The Awakening of Faith in Mahayana 大乘起信論 states that all sentient beings are 'inherently awakened' 本覺. 覺 is the usual translation for bodhi, 本 means 'root' or 'originally'.

http://en.wikipedia.org/wiki/Hongaku

You'd either have to argue that schools following Awakening of Faith in Mahayana (most of East Asian Buddhism) are not Buddhist schools, or argue that although the text talks about inherent awakening, they really mean 'innately unconditioned' (that's a plausible argument). But the Awakening of Faith, and many other East Asian Buddhist texts do use a term that translates as 'inherent awakening'.
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Re: Universal Atman in Buddhism

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Berry wrote: How about this ?
Of course! Sorry, I wrote in haste - that was the very verse that I was thinking of. (Comes from posting whilst at work.)
asunthatneversets wrote:I think you're getting at is the fact that our unconditioned nature is originally pure and naturally perfected, no one is suggesting that it isn't. However, the issue is that this unconditioned nature is obscured by adventitious defilements, so the nature of the path is akin to an excavation. Nothing is being created anew, or constructed, we are only removing the veil of defilement so that our unconditioned nature is known, free of any obscurations.
I agree - but isn't the point that this 'unconditioned nature' which is being compared (rightly or wrongly) with Ātman? I notice the Wiki entry on Ātman says:
Ātman is the first principle, the true self of an individual beyond identification with phenomena, the essence of an individual. In order to attain liberation, a human being must acquire self-knowledge (atma jnana), which is to realize that one's true self (Ātman) is identical with the transcendent self Brahman.
But the Buddhist view is that the unconditioned nature or true nature is not 'a self' - because nothing is self, in the sense of 'something that exists independently of everything else'. The Buddhist understanding is dynamic: it requires insight into the causally-dependent inter-relationship of everything and everyone. Within that, there is nothing that can be singled out as Ātman or as essence or enduring substance.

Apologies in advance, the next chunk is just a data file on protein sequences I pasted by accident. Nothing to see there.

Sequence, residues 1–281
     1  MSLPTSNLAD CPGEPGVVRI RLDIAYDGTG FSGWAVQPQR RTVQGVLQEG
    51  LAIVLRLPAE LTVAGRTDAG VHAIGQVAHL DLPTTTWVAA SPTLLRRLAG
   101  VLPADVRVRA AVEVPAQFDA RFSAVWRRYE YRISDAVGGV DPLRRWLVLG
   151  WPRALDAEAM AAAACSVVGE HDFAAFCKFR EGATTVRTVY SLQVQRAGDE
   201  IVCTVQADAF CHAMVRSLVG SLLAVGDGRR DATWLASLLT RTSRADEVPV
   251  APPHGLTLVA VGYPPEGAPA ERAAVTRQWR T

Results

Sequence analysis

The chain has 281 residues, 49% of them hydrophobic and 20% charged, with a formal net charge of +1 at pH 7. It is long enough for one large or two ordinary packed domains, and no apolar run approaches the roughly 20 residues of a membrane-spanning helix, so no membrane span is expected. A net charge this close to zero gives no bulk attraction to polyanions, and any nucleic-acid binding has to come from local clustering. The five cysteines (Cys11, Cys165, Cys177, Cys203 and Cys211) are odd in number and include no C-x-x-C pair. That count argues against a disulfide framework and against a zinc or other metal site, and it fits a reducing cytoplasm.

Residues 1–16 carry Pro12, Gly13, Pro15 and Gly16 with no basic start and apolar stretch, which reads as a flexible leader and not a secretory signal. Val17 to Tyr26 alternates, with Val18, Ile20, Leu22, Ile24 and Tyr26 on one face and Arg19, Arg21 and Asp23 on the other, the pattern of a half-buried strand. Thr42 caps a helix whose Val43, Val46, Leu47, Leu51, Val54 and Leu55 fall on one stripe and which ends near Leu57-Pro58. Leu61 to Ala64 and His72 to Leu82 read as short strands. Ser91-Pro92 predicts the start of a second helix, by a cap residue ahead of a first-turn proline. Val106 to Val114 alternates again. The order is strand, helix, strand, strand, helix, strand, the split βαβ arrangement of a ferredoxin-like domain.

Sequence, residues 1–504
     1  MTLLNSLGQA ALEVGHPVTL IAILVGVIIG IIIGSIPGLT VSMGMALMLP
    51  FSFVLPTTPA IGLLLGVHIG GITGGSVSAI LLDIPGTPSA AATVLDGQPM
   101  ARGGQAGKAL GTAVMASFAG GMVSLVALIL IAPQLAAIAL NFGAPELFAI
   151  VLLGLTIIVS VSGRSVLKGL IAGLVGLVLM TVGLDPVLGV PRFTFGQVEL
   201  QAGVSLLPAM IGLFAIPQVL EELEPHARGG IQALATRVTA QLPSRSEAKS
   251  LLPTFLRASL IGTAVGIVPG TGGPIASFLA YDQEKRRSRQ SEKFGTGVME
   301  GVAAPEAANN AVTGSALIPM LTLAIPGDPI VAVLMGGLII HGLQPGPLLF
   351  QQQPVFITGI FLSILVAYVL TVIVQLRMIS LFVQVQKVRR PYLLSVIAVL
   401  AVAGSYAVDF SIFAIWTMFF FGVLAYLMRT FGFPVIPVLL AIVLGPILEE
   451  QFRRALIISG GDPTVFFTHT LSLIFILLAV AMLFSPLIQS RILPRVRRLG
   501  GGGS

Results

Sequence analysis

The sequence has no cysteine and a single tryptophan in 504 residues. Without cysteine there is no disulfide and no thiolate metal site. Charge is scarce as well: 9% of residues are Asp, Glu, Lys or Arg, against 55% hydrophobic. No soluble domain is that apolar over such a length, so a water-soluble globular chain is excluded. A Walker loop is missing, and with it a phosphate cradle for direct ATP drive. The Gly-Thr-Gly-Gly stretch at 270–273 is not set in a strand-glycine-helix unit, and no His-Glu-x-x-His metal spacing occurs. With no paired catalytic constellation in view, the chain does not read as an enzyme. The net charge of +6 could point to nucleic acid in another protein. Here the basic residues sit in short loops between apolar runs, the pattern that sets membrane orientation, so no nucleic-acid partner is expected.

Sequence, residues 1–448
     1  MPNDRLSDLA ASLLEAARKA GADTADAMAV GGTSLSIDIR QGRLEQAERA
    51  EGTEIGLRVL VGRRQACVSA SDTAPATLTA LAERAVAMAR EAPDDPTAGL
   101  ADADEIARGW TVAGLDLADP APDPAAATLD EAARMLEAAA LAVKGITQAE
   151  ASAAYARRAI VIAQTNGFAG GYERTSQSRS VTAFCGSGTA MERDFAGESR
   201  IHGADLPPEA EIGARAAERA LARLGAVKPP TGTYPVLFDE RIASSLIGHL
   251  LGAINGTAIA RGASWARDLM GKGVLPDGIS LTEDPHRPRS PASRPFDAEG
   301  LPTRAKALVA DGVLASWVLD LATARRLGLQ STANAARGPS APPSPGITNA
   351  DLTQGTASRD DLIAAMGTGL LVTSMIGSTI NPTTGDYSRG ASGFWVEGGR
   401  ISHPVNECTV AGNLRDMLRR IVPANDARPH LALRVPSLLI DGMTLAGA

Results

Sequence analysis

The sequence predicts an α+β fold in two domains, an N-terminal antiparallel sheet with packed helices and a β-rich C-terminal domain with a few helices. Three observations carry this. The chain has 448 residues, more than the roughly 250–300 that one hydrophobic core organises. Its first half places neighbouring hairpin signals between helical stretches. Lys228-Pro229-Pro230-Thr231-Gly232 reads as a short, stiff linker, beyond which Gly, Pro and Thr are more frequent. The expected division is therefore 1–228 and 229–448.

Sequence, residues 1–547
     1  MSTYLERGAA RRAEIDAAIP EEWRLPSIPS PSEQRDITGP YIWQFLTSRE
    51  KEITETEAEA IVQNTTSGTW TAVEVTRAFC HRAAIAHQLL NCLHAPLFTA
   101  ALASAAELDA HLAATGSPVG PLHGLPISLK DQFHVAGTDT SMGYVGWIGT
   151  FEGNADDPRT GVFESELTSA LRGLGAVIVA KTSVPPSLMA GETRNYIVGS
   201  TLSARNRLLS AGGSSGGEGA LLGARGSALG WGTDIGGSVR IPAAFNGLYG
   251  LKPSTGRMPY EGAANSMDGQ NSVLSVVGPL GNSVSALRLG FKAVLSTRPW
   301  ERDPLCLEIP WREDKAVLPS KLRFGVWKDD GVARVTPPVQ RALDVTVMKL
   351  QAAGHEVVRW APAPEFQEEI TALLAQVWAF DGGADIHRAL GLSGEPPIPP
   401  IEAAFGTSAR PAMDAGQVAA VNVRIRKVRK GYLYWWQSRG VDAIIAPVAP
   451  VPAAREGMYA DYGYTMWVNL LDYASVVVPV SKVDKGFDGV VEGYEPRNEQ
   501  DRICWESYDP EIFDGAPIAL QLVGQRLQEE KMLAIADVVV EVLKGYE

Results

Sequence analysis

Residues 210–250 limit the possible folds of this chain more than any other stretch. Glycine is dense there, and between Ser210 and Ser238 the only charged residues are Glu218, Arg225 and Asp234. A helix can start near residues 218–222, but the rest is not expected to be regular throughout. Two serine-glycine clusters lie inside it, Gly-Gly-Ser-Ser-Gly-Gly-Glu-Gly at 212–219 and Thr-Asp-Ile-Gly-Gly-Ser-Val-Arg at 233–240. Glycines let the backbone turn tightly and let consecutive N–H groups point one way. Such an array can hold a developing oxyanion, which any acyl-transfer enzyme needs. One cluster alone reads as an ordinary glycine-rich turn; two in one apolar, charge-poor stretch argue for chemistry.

Nevertheless the role of the Tathāgatagarbha is at least analogous to the idea of Ātman, insofar as insight into the Tathāgatagarbha is liberating (in a way similar to the insight into Ātman is said to be.)

But you can acknowledge that, without saying they're the same.
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Re: Universal Atman in Buddhism

Post by Simon E. »

The idea of the atman was one of the concepts which formed the received wisdom of Ancient Bharat.
And was a key target of the Buddha Shakyamuni in his mission to complete and refine the Dharma of that age in order to turn the wheel of his own Dharma.
Attempts to redefine anatta in terms of variations on a theme of atta are simply regressive.
“You don’t know it. You just know about it. That is not the same thing.”

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Re: Universal Atman in Buddhism

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well, the Buddha made extensive use of key terms including dharma, karma, and Brahmin. He didn't completely sever his teaching from the milieu in which it was situated but re-defined many of the key ideas along radically different lines. And lot of the arguments about it on the Forum are conducted as if we really were in a sectarian dispute with Hinduism - whereas, I'm not, being an anglo-saxon Western Buddhist convert, who has considerable respect for both sides.
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Re: Universal Atman in Buddhism

Post by Simon E. »

Wayfarer wrote:well, the Buddha made extensive use of key terms including dharma, karma, and Brahmin. He didn't completely sever his teaching from the milieu in which it was situated but re-defined many of the key ideas along radically different lines. And lot of the arguments about it on the Forum are conducted as if we really were in a sectarian dispute with Hinduism - whereas, I'm not, being an anglo-saxon Western Buddhist convert, who has considerable respect for both sides.

I think that it is remarkable that on this forum..clearly marked as being ' a Buddhist discussion forum on Mahayana and Vajrayana Buddhism ' that so many threads and so many words are being expended on Hinduism per se. :shrug:
Its not as though there is any danger that we will ever run out of core Buddhist topics.
At what point is it necessary to draw a line under what is in essence a pretty basic debate.